JTF Statement on Juneteenth 2021

juneteenth_art.pngMore than 150 years after abolishing chattel slavery in the Confederate States, we join the United States of America as it celebrates what has always been an important tradition for Black Americans. 

As we celebrate, we understand that being 150 years removed from a 400 year institution of depravity means that the fight for the real liberation of Black Americans is not over -- especially here in Maryland, where slavery did not end until November 1, 1864 and forced apprenticeships and property requirements for voting kept those formerly enslaved in a posture of subordination.



 

juneteenth_art.pngThe Progressive Maryland Justice Task Force issued the following statement following the Congressional announcement of Juneteenth becoming a federal holiday:

 

More than 150 years after abolishing chattel slavery in the Confederate States, we join the United States of America as it celebrates what has always been an important tradition for Black Americans. 

As we celebrate, we understand that being 150 years removed from a 400 year institution of depravity means that the fight for the real liberation of Black Americans is not over -- especially here in Maryland. 

In fact, it is important to note that slavery did not end in Maryland until November 1, 1864. Even then, former slaveholders forced many Black people under the age of 21 into apprenticeships. 

In 1870, when Black men gained the right to vote, Maryland enacted property requirements for voters, barring all men without land from voting. Few African-Americans owned farms or homes. 

That harmful legacy of the state marginalizing Black Marylanders continues. Today, Black Marylanders are: 

 

  • More likely to be killed by law enforcement than any other racial or ethnic group. 69% of people who have died in a police encounter in MD were Black and 41% of them were unarmed. (ACLU-MD)

  • 4x more likely to be arrested for marijuana possession than white people even though both races use cannabis at the same rates. (NORML)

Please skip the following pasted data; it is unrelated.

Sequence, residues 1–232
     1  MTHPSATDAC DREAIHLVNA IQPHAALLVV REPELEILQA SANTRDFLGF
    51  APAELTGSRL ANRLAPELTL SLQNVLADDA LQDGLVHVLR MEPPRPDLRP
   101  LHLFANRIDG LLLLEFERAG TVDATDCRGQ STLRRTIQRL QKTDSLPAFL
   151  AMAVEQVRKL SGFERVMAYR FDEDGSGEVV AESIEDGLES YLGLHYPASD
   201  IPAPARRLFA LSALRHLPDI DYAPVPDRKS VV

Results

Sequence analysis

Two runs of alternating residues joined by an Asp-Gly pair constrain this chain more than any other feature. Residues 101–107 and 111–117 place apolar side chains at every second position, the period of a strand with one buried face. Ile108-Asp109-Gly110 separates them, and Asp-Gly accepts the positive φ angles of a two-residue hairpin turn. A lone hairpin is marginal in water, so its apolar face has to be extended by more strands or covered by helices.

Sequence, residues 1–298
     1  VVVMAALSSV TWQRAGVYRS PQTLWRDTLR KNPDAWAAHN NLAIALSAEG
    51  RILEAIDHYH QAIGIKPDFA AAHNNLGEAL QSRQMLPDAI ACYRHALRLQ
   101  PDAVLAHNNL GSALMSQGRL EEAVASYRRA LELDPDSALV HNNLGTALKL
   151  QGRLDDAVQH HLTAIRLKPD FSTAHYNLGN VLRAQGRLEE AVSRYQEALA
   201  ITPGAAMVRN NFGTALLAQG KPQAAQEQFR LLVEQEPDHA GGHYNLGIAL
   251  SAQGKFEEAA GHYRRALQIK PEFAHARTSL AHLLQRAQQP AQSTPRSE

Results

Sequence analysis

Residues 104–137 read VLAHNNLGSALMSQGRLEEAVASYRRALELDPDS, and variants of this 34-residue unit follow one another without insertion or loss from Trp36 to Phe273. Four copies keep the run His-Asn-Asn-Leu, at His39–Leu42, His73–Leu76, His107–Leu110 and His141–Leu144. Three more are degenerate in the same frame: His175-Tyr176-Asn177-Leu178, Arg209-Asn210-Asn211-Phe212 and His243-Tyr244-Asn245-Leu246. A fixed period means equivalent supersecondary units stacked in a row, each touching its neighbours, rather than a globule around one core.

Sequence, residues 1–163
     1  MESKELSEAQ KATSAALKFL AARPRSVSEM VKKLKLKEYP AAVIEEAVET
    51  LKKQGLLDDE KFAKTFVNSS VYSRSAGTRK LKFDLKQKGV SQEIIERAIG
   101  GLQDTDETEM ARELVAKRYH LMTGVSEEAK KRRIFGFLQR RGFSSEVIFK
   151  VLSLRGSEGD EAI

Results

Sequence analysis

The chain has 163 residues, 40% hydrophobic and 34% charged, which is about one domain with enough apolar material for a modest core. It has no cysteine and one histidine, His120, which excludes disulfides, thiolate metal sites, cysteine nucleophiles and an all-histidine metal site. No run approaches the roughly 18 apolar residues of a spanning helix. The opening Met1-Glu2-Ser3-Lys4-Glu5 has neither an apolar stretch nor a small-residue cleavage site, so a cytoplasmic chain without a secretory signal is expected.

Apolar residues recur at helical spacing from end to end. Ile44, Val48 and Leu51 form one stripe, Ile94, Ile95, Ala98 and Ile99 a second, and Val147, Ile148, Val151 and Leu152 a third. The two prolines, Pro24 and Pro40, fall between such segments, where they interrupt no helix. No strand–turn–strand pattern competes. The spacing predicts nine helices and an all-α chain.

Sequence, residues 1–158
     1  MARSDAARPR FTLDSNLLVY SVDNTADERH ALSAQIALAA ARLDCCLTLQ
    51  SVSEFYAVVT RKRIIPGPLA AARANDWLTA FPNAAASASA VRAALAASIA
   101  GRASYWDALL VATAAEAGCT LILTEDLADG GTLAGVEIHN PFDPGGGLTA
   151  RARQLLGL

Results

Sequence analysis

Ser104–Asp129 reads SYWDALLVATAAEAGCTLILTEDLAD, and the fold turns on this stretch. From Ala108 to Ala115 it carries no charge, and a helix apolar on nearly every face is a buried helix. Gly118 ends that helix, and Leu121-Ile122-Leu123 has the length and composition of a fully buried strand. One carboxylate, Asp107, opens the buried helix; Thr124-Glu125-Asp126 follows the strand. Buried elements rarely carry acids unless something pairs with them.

• Faced with sentences that are 20% longer than white men charged with the same offense if they are Black men in the federal system (ACLU)

  • Almost 2x more likely to suffer from Asthma if they live in Baltimore City where the rate of asthma among Black children is 17% and among Puerto Rican children is 20%, as compared to the asthma rates for white children at 10% and Asian children at 8%. (Johns Hopkins Medicine)

  • Less likely to smoke than their white counterparts but still more likely to develop and die of lung cancer due to a higher chance of living in proximity to a coal-fired plant or other environmental hazards and toxins. (NAACP)

  • More likely to live in a food desert, and in Baltimore City, that’s 34% of Black residents that live in a food desert, including 30% of Black school-age children that have no access to healthy food. (Johns Hopkins Center for a Liveable Future).

 

And the list of disproportionate impacts of historical injustice towards Black communities goes on. So, while we welcome the opportunity to celebrate the monumental moment of Juneteenth being recognized as a federal holiday,  we encourage our state and local governments to enact laws that protect and enhance the lives of Black Marylanders. We deserve to be safe and valued. Our communities deserve to thrive. And so there’s still work to do to get there.

 

Happy Juneteenth!